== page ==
- How to read this document
- Intro to 1-1s
- Intro to Career 1-1s
- Introductory Guides
- Target Audience
- A brief comment on names
- ^Different Career 1-1 Structures
- Single vs Multiple Sessions
- Guiding Questions
- Standalone vs integrated sessions.
- Session culture
- Topics Covered During a Career 1-1
- Some topics
The goal of the first session is to be aligned on what career 1-1s are, and the common features of the career 1-1s.
The readings in this section should also help you come up with a strategy plan for incorporating careers advice & career 1-1s.
It’s possible that as you develop a strategy, you may realise either that career 1-1s are not the best use of your time, or that they shouldn’t be a current priority. This could be especially true if you have limited time and can’t do everything at once. That’s totally fine! The point of this workshop is to more generally help you improve your group strategy, whatever it may be.
How to read this document
The most foundational/important introductory sections are asterisked (*).
I’ve carroted (^) the more advanced concepts that I think are also really important, but would be secondary to the foundational sections. If you are self-pacing, you could split these into 2 parts.
Intro to 1-1s
1-1s are a very valuable activity for all groups, and one it is good to be familiar with. They are good for learning more about your members, onboarding new members, and, of course, giving career advice. The EA Hub Resources One-on-Ones page provides an overview of the topic and general guides for conducting 1-1s.
Guide to Successful 1-1s by EA Oxford. I recommend skimming this doc even if you’ve read it before (1600 words, 10 minutes)
- Rationale for doing 1-1s
- Running Intro 1-1s
- Running Mentor 1-1s*. This will be a topic of discussion because, although we are focused on career 1-1s, the rationale behind mentor 1-1s is similar but broader. This may actually be the type of 1-1 your group needs, especially if your members are not at the career change stage yet.
- What kind of conversations are 1-1s best suited for?
Intro to Career 1-1s
The following readings provide a basic introduction & showcase a few different types of career 1-1s as they are currently practiced in the EA community. For this week, we will be focusing more on the big picture of career 1-1s, rather than establishing the 1-1 pipeline or impact metrics (we will cover these at a later date).
Guide for Conducting Career Consultation by EA Israel.
This is a 2020 guide which contains a lot of useful information, specifically about your relation to the advisee. In particular, closely read:
- Do you agree with the general principles?
Successful Career Planning 1-1s by Huw at EA Oxford
This is a late 2018 guide with some repetition from the above, but the following sections may be useful:
- Ideal Audience
- Potential Risks (supplement this with 80K’s Ways people trying to do good accidentally make things worse, and how to avoid them)
80,000 Hours’ Career Advising
- How relevant are the generalisations 80,000 Hours makes to the kind of people you might be advising?
- What points do you disagree with and why?
- Of the frequent advice, could any of these points be more broadly communicated?
Other common challenges you might come across
This is a brainstorm of topics not covered by the podcast above
- Lack of connection to experts/relevant people
- Lack of focus/too many ideas
- How to establish comparative advantage in a field (or be confident you have it)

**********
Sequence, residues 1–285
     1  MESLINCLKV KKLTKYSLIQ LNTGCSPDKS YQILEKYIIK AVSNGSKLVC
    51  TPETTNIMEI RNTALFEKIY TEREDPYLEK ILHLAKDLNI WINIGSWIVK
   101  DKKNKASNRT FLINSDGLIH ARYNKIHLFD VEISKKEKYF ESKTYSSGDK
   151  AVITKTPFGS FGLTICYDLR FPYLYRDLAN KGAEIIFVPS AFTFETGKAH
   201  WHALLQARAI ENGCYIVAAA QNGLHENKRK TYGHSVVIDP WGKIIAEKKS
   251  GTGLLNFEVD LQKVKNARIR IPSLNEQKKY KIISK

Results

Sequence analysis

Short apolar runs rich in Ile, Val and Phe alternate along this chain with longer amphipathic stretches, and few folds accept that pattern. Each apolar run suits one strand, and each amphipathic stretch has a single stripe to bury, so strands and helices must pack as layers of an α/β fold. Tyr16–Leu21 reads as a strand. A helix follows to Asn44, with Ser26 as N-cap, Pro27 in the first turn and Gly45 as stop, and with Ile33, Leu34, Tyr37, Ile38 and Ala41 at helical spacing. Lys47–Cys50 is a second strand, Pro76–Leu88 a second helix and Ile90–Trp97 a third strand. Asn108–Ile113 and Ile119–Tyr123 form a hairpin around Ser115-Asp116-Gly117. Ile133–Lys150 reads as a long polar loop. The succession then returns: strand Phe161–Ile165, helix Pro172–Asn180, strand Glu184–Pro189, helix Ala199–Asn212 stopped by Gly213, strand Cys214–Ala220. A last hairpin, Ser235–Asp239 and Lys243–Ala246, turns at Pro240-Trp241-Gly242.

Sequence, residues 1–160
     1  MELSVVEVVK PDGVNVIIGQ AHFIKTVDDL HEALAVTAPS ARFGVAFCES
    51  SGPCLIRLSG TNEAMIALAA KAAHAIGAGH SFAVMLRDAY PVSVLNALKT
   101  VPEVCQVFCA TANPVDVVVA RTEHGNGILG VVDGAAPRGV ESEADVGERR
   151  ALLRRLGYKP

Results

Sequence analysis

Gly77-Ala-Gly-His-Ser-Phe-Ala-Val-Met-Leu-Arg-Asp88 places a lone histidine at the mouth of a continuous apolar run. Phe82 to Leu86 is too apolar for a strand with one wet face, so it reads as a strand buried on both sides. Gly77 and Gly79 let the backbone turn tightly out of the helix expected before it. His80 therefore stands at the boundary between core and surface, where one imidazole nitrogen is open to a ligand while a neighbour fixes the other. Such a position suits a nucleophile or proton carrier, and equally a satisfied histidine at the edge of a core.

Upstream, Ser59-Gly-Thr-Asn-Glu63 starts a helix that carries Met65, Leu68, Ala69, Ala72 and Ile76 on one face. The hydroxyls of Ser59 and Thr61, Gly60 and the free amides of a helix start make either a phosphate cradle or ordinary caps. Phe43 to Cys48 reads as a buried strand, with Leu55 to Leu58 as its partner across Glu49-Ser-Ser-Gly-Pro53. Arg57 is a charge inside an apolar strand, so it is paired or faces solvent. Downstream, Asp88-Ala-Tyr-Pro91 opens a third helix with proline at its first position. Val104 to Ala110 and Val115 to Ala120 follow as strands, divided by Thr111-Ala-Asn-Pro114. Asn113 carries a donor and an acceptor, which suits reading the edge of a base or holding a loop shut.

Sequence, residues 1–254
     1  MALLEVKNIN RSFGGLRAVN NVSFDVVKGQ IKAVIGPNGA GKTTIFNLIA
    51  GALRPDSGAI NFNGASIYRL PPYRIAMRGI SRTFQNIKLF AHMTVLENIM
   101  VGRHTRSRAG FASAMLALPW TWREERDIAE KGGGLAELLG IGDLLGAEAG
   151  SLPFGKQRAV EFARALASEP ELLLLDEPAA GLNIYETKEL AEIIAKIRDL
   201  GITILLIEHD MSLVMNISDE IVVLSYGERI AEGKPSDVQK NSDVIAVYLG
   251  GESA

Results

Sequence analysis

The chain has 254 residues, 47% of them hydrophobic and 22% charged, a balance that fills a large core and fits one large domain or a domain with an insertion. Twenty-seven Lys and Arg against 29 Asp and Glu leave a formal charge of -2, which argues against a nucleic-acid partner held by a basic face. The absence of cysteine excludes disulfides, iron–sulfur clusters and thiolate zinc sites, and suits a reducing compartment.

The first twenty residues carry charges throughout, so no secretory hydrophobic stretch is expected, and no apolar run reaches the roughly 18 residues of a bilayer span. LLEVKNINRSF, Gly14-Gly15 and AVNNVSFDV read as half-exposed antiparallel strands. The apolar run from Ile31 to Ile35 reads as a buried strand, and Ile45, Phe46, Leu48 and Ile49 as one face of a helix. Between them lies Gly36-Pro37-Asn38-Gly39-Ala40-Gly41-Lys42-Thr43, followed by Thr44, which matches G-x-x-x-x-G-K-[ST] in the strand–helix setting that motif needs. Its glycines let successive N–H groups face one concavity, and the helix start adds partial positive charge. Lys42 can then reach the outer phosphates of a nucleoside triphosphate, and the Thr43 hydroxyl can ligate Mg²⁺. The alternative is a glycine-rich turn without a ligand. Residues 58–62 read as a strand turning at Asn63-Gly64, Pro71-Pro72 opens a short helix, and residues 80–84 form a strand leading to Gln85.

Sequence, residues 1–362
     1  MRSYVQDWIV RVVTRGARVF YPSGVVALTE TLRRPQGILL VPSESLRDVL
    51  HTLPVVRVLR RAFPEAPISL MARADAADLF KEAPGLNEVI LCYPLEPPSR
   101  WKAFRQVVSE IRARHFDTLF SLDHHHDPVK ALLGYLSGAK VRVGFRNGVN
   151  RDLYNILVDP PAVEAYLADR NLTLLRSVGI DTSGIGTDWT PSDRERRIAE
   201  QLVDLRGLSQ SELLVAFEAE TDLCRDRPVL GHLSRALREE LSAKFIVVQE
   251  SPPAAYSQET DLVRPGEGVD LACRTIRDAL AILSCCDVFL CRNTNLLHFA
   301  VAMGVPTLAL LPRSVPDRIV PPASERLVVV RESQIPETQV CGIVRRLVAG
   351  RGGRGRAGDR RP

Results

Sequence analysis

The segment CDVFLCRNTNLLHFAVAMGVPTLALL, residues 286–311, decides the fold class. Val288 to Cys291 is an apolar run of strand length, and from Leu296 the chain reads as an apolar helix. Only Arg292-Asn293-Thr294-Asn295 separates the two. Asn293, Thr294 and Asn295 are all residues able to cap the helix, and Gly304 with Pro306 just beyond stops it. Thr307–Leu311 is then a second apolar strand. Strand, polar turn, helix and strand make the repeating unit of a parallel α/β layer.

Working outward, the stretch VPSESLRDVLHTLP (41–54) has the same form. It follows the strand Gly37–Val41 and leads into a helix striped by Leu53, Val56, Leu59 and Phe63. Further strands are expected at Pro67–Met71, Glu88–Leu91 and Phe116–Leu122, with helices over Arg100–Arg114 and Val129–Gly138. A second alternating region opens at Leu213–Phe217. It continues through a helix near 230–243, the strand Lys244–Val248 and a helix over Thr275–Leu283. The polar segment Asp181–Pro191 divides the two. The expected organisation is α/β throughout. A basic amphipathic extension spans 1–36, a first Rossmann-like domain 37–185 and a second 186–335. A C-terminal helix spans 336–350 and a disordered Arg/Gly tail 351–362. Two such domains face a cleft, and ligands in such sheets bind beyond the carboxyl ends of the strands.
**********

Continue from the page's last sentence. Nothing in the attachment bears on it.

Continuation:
- If someone gets a lot of rejections & no feedback, how do they know what to take away from the rejections?
- Due to all of the above, and in general, some people may lack motivation.
You’ve now read a few different perspectives on the ideal audience for a career 1-1. Defining your target audience will likely be an iterative process and change as you do more readings in this session. However, it’s useful to note down some preliminary ideas now in your strategy exercise, and then adjust based on the next readings.
Below are some key considerations for defining your target audience. Note that this section will not be focused on tactical considerations like outreach or screening (outside of where this may be a major barrier to you reaching the person). We will discuss those in 4.0 Pipeline & Impact Tracking.
You should define selection criteria to identify “promising” candidates. This definition will probably differ a lot from group to group, so it’s useful to refer back to your goals before continuing.
- What prerequisite level of EA knowledge should they have (readings, intro workshop, fellowship, etc.)?
- Generally speaking, most of the experienced organisers say that you will likely be able to provide more value in a career 1-1 if candidates have prior knowledge of basic EA concepts & cause areas.
- However, some very promising candidates may be too busy or are only interested in EA from how it will directly help their careers.
- Topics you could ask:
- How long they’ve known about EA
- Familiarity with different cause areas
- Participation in EAGx/EAG’s, fellowships, EA-related work opportunities, etc.
- Many of the questions on EAG/x applications
- What challenges might they face, and which ones are you best equipped to help them with? How should this shape your selection criteria?
- How easy is it to find or communicate with your target audience? Are there any major practical considerations you need to think about?
Convincing your target audience to do a career 1-1
Sometimes, your target audience may not think they would benefit or need a career 1-1. However, they might still benefit from one.
- What are possible barriers to wanting to do a career 1-1?
- New to EA/your local group (maybe they don’t feel comfortable sharing their career plans)
- Engaged EAs who may not think they need explicit help
- People don’t see the value in it/the use case
- They aren’t in your local group/network yet
Keep in mind: It may be the case that people in your target audience wouldn’t benefit from doing career planning right now. You will need to make sure you aren’t doing career
How to coach people who doesn’t fit into typical paths?
- From Naomi (EA Geneva):